What works for my kids is letting them read in bed. They each have a light next to their bed that they can turn of themselves. Obviously, if they do not go to sleep after having this quiet time and continue reading I do have to go tell them it is time, but after having that relaxing time with no worries it seems to help.


I agree with all the previous posters. Periodically, my 4-year-old will say, "But what if I can't sleep?". I don't know where this comes from, but he usually does it on nights when he's not exceptionally tired at bed time. Then he might pop out of bed a few times and we just put him right back in bed.

I think the situation is probably a little different in your daughter because she's older and you say you've never had this kind of problem with her. I think morah is spot on when she says that you need to investigate what brought this on. Did she see a scary movie by accident? Hear a scary story from one of her classmates at school (that was always a big one with me)? The imagination of a 7-year-old can be phenomenal and can cause no shortage of imaginary terrors. I remember hearing the entire plotlines of movies like Nightmare on Elm Street and Friday the 13th at school from classmates who had been allowed to see the movies (at, like, age 7/8!) and it seriously kept me up at night for weeks--and to this day I haven't seen those movies.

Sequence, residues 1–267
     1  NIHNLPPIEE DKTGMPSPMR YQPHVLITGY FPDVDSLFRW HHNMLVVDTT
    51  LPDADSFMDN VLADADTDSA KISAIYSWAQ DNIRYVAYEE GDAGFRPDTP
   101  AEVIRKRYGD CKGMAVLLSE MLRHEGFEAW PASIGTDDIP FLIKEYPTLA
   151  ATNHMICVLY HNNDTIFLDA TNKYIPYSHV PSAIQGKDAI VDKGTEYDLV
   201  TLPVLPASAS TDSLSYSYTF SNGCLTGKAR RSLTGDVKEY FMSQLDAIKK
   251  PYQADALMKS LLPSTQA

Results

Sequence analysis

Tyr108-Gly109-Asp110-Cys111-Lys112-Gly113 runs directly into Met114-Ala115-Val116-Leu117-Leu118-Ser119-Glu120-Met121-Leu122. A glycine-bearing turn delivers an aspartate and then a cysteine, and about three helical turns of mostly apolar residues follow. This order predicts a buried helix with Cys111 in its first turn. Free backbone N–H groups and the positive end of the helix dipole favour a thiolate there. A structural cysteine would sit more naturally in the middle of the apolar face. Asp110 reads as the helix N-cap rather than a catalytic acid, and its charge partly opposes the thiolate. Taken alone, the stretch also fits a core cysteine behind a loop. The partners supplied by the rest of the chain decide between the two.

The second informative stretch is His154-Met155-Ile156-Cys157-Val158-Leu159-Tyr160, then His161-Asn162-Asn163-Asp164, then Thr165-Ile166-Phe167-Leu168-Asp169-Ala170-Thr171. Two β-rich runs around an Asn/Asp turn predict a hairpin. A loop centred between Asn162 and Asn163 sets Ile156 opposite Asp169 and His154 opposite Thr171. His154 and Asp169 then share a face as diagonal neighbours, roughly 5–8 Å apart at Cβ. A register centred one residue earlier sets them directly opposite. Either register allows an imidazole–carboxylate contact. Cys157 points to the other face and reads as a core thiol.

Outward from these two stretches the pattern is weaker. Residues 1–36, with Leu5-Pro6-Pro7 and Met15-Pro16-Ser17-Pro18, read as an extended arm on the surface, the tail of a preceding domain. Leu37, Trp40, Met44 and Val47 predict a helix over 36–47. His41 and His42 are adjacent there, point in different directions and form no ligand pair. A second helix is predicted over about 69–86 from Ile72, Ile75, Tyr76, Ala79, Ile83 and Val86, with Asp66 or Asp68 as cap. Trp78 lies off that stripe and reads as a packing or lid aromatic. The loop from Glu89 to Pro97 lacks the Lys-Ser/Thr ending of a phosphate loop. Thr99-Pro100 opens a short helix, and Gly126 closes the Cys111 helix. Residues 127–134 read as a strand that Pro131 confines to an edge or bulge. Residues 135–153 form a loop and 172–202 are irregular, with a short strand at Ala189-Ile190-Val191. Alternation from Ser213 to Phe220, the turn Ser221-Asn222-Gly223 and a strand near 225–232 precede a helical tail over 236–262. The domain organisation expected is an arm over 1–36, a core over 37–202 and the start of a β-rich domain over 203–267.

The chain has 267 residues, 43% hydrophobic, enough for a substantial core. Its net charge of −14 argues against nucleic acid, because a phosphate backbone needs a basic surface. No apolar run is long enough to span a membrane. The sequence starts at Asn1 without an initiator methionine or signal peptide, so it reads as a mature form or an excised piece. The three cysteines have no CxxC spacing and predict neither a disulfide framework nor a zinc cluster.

Whenever my son starts the "What if I can't sleep?" game, I remind him that he can take a deep breath, and snuggle down with his blanket and pillow and Tigger, and turn over, and close his eyes, and go to sleep. I also remind him that if he needs us, we're right down the hall. The key is to keep it relaxed and calm.